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Ellsworth School Board moves facilities projects plan ahead

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The Ellsworth School Board proceeded with a plan to accomplish facilities projects by approving a resolution early last week.

The resolution authorizes the borrowing of not to exceed $6,700,000, and provides for the issuance and sale of related general obligation promissory notes. Superintendent Barry Cain explained, once the resolution is published in the district’s official newspaper, a 30-day petition period will begin. If not more than 20 percent of the district’s population who voted in the last regular election petitions, the board will then act on the proposed plan.

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Cain told attendees at last week’s special meeting these Act 32 projects were studied earlier by the schools’ ad hoc facilities committee, along with elementary school needs, addressed in a referendum this past February. Looking long-term, officials have worked with educational facilities consultants, including Frisbie Architects, Krauss-Anderson and Baird, and Nexus Solutions as well, the last from which a comprehensive audit report has been received.

Act 32 requires districts to retain state-approved firms for its purposes, such as Nexus, Cain said. Additionally, if they identify a savings for the schools and it isn’t realized, they must reimburse the district.

At the board’s regular meeting last month, the superintendent highlighted the report, which heavily emphasizes the high school due to its age, yet also examines the middle school and the Klaas-Jonas Community Swimming Pool. Results from an in-house survey, indoor air quality, savings opportunities, health and safety, deferred maintenance, and technology and safety needs are among topics for the report.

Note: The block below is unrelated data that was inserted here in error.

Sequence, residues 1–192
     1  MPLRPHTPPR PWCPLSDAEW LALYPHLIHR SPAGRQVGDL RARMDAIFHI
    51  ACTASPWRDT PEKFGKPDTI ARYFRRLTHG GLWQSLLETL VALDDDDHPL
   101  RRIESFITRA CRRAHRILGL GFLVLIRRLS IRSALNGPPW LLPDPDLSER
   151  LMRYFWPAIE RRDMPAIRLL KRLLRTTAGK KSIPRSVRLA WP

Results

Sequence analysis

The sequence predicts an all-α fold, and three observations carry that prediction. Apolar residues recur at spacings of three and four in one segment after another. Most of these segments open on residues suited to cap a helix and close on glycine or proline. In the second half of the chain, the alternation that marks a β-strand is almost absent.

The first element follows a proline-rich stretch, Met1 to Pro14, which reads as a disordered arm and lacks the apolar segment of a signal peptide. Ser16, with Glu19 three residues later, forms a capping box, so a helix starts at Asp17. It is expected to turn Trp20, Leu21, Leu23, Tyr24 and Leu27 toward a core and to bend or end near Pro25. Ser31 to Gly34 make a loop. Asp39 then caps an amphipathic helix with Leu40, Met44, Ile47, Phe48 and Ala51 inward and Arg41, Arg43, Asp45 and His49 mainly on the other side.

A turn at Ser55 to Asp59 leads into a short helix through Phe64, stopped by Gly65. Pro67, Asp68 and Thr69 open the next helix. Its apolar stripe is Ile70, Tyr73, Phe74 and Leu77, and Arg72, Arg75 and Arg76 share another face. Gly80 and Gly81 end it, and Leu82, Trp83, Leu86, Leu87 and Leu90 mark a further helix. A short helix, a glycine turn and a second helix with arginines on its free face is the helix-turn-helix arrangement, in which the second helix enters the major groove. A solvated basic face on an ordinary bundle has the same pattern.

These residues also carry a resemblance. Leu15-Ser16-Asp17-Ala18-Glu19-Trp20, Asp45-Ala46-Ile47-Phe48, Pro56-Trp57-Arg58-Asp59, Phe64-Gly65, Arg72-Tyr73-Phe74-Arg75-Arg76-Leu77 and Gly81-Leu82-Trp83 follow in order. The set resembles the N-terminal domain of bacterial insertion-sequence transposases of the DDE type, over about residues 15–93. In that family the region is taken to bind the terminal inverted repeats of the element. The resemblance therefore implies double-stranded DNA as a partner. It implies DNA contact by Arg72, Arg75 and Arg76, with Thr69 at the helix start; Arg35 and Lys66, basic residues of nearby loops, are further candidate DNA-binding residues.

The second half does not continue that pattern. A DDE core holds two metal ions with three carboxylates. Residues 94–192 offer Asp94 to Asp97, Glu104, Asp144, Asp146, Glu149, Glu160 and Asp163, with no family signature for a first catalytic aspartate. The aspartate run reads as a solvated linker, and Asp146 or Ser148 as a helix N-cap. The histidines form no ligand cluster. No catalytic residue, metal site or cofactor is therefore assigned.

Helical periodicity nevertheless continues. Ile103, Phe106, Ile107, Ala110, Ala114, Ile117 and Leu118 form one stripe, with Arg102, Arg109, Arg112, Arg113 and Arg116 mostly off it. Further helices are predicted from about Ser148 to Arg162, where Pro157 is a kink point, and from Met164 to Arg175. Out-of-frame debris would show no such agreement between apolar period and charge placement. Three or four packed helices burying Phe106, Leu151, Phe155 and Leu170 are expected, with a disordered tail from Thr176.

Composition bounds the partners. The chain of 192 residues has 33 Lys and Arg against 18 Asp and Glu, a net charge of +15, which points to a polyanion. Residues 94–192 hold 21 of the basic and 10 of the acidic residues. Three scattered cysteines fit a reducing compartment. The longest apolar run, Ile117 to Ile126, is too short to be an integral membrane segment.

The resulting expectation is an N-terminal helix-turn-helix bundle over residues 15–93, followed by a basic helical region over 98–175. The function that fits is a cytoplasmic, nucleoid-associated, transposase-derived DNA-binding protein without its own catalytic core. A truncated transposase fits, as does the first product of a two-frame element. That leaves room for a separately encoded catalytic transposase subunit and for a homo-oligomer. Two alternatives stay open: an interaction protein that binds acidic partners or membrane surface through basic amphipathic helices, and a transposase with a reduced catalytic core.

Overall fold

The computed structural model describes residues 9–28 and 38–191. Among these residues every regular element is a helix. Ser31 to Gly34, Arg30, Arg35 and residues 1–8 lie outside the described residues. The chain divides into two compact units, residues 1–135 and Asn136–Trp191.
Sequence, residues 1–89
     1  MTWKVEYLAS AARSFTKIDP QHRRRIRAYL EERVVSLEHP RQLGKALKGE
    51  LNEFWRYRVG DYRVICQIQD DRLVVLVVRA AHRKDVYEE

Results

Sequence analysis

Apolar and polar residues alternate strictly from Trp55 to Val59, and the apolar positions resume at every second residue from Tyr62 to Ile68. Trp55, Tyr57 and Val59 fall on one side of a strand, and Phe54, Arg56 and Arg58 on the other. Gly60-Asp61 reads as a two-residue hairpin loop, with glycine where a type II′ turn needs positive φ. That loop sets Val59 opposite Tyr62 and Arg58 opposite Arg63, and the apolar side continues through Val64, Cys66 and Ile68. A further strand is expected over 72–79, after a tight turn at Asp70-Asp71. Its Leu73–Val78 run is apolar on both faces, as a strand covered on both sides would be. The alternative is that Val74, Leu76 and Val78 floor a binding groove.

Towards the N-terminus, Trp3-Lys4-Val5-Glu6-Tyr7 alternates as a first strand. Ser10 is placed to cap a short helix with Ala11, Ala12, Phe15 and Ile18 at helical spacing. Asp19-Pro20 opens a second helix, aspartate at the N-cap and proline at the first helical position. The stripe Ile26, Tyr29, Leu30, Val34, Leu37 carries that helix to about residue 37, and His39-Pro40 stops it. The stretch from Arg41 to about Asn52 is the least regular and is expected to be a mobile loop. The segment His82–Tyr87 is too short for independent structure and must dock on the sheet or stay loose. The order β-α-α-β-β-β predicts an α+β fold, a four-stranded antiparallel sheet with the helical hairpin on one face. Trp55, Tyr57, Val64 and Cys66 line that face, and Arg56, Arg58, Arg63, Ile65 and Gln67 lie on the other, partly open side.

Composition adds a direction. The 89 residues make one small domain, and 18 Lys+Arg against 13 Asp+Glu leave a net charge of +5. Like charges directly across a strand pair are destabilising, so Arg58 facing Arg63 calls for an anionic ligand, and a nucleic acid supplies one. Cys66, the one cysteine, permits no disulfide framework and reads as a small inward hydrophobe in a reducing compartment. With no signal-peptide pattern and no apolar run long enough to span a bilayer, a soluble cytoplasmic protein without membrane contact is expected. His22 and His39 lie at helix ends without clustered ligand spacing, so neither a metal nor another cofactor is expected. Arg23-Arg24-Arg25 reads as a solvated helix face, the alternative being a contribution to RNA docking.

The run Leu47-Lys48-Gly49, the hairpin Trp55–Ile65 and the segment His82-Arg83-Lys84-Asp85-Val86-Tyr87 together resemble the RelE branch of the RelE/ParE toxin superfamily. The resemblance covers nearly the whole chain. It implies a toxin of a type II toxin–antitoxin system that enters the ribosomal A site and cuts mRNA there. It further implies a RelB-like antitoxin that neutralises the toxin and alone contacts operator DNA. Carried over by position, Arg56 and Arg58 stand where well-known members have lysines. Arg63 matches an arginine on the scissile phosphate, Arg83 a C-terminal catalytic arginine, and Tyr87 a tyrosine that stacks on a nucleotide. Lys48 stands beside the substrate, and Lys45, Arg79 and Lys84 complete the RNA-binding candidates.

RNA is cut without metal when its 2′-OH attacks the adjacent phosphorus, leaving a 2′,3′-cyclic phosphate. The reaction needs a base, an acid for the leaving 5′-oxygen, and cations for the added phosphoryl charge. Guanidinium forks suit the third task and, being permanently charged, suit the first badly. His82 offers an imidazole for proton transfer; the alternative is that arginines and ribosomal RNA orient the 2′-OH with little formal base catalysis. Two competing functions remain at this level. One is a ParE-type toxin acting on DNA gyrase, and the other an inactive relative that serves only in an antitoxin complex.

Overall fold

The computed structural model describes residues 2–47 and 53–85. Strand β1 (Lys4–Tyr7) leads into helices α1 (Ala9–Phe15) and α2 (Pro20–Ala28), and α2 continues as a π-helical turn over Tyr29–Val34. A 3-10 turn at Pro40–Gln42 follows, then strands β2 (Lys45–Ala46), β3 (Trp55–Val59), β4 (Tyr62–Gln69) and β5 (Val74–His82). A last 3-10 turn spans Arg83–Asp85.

It showed water conservation, building weatherization and building automation as savings projects for the high school. Ventilation system replacements in numerous areas topped the list of environmental efforts for EHS, besides improving ventilation in the 1962 classrooms and special education offices, expanding and updating the existing building automation system, and re-commissioning and miscellaneous ventilation and controls systems repairs.

Under deferred maintenance for EHS, the report called for replacing the 1960 boiler plant, replacing high priority roofing sections, replacing single-pane windows, the 1960-62 window system, exterior doors and completing masonry repairs, replacing 1960 gym bleachers, and upgrading electrical systems.

As for technology, safety and security, it focused on upgrading the master clock, intercom/paging and phone systems, and upgrading safety/security systems—electronic door access, adding 16 cameras, installing intrusion detection, fire alarm system and front entrance security remodeling.

The project budget for the high school was placed at $4,743,004.

At the middle school, savings projects are water conservation, building weatherization and building automation, according to the report. The EMS environmental items are replacing variable air volume boxes and controllers, re-commissioning and miscellaneous controls and systems repairs, and adding perimeter heat to exterior classroom walls, art, band and vocal rooms.

Deferred maintenance items in the report for EMS are repairing and applying water repellant seal to building exterior, and replacing the 700 wing and north section roofs. The technology, safety and security items are electrical code improvements, new addressable fire alarm system, replacing emergency electrical generator and front entrance security remodeling.

The middle school’s project budget amount was $1,570,656.

The report’s savings projects at the Klaas-Jonas pool adjacent to EMS are lighting and water conservation. Deferred maintenance jobs are replacing the dome fabric with improved double-liner option, new exterior doors, new furnace/blower, replacing emergency electrical generator and improving electrical system.

The pool’s project budget figure was $495,250.

For more please read the Sept. 3 print version of the Herald. 

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Bill Kirk
Bill Kirk has been editor at the Pierce County Herald in Ellsworth, Wisconsin, since 1988. He holds a bachelors degree in journalism from the University of Wisconsin-Eau Claire. He previously worked in the media distribution department at the University of Minnesota's Minneapolis campus and is past editor of The Tri-County News in Osseo, Wisconsin.
(715) 273-4334
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